Wednesday, 1 February 2012

National Express Reject Thousands for Driver Jobs

It appears that West Midlands bus operator National Express West Midlands might be pickier than most when it comes to selecting drivers for their buses.

Its been revealed that thousands of people who applied to drive West Midlands buses have been turned away by the company simply because of they have points on their driving licences.

Out of about 4,500 applicants last year, National Express apparently took on less than 10% and the company is carrying scores of driver vacancies as a result. And just to make things worse, they lost another 170 of their current drivers to retirement.

The company blames the failure rate on applicants having points on their licence, and this is where National Express West Midlands appears to diverge from the practices of other bus operators.

The bus industry standard is to accept drivers who have three points on their licence – the sort of penalty you can expect for one minor speeding offence – but no more. Not National Express, however - they don't allow anyone to pass the interview if they have any points.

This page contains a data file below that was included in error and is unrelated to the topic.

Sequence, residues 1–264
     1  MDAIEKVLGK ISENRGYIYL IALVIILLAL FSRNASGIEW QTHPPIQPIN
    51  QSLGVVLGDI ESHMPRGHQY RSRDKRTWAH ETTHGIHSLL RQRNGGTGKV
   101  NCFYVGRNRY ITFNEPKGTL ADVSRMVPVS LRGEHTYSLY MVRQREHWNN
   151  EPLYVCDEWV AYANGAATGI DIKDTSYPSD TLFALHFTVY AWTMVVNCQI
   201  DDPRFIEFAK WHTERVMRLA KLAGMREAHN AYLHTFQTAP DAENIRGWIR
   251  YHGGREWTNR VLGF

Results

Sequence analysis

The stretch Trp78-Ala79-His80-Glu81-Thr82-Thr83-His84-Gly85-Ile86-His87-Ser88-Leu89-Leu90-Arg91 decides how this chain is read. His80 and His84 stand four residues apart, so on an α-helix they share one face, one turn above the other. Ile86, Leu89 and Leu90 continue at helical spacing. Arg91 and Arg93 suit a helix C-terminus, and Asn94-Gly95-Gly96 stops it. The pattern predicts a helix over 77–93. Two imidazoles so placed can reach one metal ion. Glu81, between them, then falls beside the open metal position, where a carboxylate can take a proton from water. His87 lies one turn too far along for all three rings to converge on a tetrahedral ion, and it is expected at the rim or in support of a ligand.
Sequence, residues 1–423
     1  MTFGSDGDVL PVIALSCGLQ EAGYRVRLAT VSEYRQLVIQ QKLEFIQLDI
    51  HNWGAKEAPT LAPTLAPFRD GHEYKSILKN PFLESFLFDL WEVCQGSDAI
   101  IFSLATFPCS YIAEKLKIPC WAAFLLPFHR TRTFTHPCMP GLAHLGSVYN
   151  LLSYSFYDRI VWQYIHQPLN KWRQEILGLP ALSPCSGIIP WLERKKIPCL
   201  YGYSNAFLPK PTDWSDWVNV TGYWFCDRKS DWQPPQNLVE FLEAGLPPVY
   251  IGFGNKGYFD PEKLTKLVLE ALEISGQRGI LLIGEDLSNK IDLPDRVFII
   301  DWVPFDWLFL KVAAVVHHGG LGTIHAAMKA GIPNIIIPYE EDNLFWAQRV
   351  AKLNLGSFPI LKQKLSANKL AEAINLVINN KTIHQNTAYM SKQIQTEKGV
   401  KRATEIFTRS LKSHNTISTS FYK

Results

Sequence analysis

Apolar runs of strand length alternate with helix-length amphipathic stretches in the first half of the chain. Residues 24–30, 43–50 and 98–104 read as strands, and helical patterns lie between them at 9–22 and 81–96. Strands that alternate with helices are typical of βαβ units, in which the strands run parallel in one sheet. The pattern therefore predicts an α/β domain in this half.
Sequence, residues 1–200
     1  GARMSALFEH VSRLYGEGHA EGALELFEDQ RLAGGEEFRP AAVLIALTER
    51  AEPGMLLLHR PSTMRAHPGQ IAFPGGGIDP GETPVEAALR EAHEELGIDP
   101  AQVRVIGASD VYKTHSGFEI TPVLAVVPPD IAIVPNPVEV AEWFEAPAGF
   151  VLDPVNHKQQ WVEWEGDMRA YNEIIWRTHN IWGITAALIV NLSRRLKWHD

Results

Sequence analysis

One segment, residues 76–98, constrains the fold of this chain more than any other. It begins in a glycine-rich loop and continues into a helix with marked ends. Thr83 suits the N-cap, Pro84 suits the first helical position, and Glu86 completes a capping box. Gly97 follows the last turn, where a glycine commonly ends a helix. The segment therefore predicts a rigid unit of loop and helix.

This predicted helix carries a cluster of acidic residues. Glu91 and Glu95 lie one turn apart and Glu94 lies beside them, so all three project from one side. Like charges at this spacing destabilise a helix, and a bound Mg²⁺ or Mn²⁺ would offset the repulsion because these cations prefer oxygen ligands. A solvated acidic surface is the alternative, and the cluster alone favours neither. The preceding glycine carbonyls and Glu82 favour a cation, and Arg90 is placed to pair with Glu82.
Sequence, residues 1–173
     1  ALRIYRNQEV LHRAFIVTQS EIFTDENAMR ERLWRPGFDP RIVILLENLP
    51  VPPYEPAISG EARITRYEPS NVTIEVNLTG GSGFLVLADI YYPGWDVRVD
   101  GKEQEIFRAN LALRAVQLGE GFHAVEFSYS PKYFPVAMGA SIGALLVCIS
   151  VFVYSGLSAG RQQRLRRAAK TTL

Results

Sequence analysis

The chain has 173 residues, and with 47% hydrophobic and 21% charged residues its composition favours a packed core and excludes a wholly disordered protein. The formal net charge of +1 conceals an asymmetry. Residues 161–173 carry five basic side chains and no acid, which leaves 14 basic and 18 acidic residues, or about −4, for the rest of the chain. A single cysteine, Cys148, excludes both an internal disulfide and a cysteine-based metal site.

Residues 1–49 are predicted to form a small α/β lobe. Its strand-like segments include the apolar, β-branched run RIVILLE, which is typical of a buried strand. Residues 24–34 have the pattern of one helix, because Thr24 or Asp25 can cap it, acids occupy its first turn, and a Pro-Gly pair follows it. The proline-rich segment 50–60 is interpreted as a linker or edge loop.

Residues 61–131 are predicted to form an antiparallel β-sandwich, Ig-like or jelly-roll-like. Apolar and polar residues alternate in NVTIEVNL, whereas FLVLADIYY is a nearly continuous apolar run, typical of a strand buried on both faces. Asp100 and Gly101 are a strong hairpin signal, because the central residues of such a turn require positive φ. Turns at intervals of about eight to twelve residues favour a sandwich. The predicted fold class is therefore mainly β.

The company also makes applicants undergo strict literacy and numeracy tests, and some applicants fail those as well.

Only those who pass all the tests and have a clean licence to show get through to become trainees who are then put through their paces at the company’s Walsall training centre. Then its more theory, more tests and more careful assessment before they are allowed out onto the road – and only then with a trained mentor.

But then National Express West Midlands aren't unique in demanding high standards from their drivers. I blogged last month about London-based bus company Abellio flying all the way to Poland to recruit drivers for their London buses because they couldn't find any which quite made the grade in Britain. At the time, I assumed it was because Polish drivers might be less demanding than British drivers – or cheaper, in other words – but perhaps that's not the case. Perhaps British drivers have just spent too long playing Grand Theft Auto for their own good.

At one time, people assumed that driving a bus was a dead easy, unskilled job. It's clearly not.

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